In The World Without Us, Alan Weisman offers an utterly original approach to questions of humanity’s impact on the planet: he asks us to envision our Earth, without us.
In this far-reaching narrative, Weisman explains how our massive infrastructure would collapse and finally vanish without human presence; which everyday items may become immortalized as fossils; how copper pipes and wiring would be crushed into mere seams of reddish rock; why some of our earliest buildings might be the last architecture left; and how plastic, bronze sculpture, radio waves, and some man-made molecules may be our most lasting gifts to the universe.
The World Without Us reveals how, just days after humans disappear, floods in New York’s subways would start eroding the city’s foundations, and how, as the world’s cities crumble, asphalt jungles would give way to real ones. It describes the distinct ways that organic and chemically treated farms would revert to wild, how billions more birds would flourish, and how cockroaches in unheated cities would perish without us. Drawing on the expertise of engineers, atmospheric scientists, art conservators, zoologists, oil refiners, marine biologists, astrophysicists, religious leaders from rabbis to the Dali Lama, and paleontologists—who describe a prehuman world inhabited by megafauna like giant sloths that stood taller than mammoths—Weisman illustrates what the planet might be like today, if not for us.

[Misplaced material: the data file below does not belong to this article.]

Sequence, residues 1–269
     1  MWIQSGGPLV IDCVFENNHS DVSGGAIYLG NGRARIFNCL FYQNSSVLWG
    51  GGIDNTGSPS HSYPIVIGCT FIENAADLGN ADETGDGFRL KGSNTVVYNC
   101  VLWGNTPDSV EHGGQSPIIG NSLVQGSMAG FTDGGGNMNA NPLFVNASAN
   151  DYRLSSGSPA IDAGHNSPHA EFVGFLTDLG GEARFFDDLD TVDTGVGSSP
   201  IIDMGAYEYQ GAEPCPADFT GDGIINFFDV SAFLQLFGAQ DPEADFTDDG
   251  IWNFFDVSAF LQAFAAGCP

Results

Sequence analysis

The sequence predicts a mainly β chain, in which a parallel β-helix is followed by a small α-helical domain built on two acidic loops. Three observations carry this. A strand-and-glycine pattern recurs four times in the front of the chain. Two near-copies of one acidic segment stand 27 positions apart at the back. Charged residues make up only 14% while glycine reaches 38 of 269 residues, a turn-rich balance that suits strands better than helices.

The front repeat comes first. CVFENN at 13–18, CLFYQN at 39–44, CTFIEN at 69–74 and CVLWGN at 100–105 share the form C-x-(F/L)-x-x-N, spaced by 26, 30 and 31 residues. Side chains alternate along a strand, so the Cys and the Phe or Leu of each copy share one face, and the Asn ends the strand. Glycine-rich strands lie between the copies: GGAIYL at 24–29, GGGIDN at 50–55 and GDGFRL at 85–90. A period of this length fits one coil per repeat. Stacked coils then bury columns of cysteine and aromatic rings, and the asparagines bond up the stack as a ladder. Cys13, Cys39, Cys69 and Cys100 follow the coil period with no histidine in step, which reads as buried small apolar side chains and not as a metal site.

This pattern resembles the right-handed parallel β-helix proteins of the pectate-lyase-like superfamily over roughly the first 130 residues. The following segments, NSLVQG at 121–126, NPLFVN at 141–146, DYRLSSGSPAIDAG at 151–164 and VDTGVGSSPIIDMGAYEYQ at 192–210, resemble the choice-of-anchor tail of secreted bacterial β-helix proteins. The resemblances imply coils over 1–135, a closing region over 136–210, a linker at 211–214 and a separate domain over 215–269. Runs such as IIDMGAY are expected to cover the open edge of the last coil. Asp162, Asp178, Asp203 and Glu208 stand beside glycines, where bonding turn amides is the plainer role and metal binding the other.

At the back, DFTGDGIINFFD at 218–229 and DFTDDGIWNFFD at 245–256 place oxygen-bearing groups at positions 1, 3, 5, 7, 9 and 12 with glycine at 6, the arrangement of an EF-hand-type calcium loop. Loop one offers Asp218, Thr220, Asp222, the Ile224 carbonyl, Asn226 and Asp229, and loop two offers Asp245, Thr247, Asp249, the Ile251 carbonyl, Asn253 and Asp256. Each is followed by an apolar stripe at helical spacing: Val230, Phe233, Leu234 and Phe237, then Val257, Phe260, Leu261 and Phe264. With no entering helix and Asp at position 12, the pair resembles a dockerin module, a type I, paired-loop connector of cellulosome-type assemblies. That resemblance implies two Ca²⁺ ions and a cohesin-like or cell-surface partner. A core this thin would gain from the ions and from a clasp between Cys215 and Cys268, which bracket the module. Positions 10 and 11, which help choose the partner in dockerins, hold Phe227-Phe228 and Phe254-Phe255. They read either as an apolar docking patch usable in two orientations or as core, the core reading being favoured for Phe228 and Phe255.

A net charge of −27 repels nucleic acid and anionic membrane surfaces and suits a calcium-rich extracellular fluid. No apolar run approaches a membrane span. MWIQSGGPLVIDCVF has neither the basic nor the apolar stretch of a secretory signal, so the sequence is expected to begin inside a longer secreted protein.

From places already devoid of humans (a last fragment of primeval European forest; the Korean DMZ; Chernobyl), Weisman reveals Earth’s tremendous capacity for self-healing. As he shows which human devastations are indelible, and which examples of our highest art and culture would endure longest, Weisman’s narrative ultimately drives toward a radical but persuasive solution that needn’t depend on our demise. It is narrative nonfiction at its finest, and in posing an irresistible concept with both gravity and a highly readable touch, it looks deeply at our effects on the planet in a way that no other book has.

The Sandman Vol. 10: The Wake – Neil Gaiman

And with the start of 2011, I finally finish the Sandman series!

This is the conclusion to the much talked about Sandman series. It may be best to start your Sandman acquaintance with earlier episodes, but The Wake stands as one of Neil Gaiman’s strongest and most consistent Sandman volumes to date.

Violent Cases – Neil Gaiman, Dave McKean

And in the teen graphic novel section, I found more Gaiman graphic novels!